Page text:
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UPDATE: MacLauchlan says he stepped down in 2014 from company that received home care contract

Premier Wade MacLauchlan gets ready for yesterday’s proceedings of the legislative assembly ahead of the oppositions questions about his connections to a company that received a contract to provide home care in P.E.I.
Premier Wade MacLauchlan gets ready for yesterday’s proceedings of the legislative assembly ahead of the oppositions questions about his connections to a company that received a contract to provide home care in P.E.I. - Maureen Coulter

CHARLOTTETOWN, P.E.I. - Premier Wade MacLauchlan’s connection to a company that was awarded a contract for home care was one of the issues raised during the first question of the spring sitting.

Georgetown-St. Peters MLA Steven Myers questioned MacLauchlan about how long he was a director of Medavie Inc.

MacLauchlan responded he served as a director of Island EMS for six or seven years and resigned from its board as well as chair of the Medavie Health Foundation when he entered public life.

It’s part of the responsibility and the price people pay for participating in public life, MacLauchlan said.

“I’m very happy to do that and that was where my relationship with Medavie ended.”

In February, the province announced two rapid bridging programs and a seniors check-in program with federal funding going to Medavie Health Services for paramedics to take on a greater role in home care.

Rapid bridging is meant to fill gaps that can happen when patients are discharged from hospital but still need professional medical support.

Medavie Health Services owns Island EMS.

As Myers continued his questions, he said former premier Robert Ghiz joined the Medavie board of directors in 2016.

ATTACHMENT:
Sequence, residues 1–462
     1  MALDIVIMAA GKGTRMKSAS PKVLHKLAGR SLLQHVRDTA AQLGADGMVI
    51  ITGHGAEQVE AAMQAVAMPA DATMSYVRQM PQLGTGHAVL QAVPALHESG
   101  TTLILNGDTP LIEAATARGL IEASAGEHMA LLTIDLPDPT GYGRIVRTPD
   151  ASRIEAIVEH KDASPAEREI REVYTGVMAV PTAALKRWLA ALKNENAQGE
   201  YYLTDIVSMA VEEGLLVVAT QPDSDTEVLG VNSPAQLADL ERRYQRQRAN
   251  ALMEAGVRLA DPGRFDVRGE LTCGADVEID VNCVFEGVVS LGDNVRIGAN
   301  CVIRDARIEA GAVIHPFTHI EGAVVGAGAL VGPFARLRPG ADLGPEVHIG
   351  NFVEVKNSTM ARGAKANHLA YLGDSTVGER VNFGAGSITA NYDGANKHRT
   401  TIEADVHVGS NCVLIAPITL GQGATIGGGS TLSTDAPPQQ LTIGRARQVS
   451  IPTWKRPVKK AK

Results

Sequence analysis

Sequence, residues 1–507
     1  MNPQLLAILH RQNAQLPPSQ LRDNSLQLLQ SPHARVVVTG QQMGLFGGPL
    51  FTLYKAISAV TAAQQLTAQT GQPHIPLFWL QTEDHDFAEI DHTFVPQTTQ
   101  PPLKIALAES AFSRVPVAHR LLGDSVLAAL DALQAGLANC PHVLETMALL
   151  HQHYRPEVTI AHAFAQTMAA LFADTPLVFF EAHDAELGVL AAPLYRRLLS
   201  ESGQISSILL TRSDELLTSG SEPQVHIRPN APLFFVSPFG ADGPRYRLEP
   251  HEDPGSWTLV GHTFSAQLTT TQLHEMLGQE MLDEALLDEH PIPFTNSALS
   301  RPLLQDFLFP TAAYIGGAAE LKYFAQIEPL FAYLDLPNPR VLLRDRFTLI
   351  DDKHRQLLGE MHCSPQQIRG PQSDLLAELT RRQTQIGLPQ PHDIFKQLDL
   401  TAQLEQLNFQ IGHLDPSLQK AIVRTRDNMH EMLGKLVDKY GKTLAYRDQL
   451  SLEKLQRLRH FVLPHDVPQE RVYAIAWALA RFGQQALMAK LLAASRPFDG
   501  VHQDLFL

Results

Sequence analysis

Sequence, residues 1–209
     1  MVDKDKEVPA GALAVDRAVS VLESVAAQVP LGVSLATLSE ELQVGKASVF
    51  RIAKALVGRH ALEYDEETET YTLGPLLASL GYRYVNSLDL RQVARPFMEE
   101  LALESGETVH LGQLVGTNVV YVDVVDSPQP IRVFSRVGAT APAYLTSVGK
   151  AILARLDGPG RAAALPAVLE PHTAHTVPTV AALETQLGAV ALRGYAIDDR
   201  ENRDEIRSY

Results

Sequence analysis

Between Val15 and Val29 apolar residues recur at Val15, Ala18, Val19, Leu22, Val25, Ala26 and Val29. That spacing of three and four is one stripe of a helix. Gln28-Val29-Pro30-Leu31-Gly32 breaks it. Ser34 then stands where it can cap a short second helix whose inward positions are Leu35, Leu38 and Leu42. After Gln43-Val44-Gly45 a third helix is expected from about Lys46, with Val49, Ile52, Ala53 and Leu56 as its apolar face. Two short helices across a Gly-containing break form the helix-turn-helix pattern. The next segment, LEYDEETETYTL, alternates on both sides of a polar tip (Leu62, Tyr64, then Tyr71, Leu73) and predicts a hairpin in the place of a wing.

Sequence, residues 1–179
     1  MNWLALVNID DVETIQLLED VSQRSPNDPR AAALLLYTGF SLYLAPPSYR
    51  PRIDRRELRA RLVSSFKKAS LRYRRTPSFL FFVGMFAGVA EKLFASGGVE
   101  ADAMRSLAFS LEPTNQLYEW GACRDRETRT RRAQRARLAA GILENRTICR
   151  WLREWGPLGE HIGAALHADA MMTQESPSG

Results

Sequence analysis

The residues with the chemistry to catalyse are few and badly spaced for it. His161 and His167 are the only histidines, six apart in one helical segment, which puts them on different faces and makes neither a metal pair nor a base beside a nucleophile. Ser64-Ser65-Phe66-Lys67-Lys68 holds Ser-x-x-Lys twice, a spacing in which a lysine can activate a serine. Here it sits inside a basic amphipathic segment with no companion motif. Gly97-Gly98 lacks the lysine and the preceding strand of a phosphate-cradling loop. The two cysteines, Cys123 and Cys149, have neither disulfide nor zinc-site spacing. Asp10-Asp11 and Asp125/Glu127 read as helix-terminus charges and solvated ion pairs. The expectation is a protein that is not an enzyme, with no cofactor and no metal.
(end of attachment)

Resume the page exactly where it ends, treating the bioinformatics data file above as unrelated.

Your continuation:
“Did Medavie’s close business ties with you and Robert Ghiz help or hurt Medavie score an untendered contract for a multi-million dollars worth of home care work on Prince Edward Island?” Myers asked.

MacLauchlan responded that he ended his business relationship with Medavie in 2014.

“Further, I played no part in the determination of this contract,” he said.

Along with MacLauchlan’s history with the company, opposition MLAs focused on various parts of the home care plan throughout question period.

That included the suggestion the government violated procurement rules by giving an untendered contract to Medavie.

It’s an allegation the government denied, with a spokeswoman saying the $495,490 contract didn’t require a request for proposals because Treasury Board procedures allow for selection that doesn’t incur loss of continuity, time or economy.

Work has started to soon post three nursing positions and once they are filled the programs can be rolled out, the spokeswoman said in a statement.

The contract expires March 31, 2019.

After question period, Opposition Leader James Aylward spoke to the media and said the government should show Islanders the contract with Medavie.

“What’s the secrecy?”

Aylward said MLAs need to remember the contract involves taxpayers’ money.

“Taxpayers have a right to know how their money is spent,” he said.

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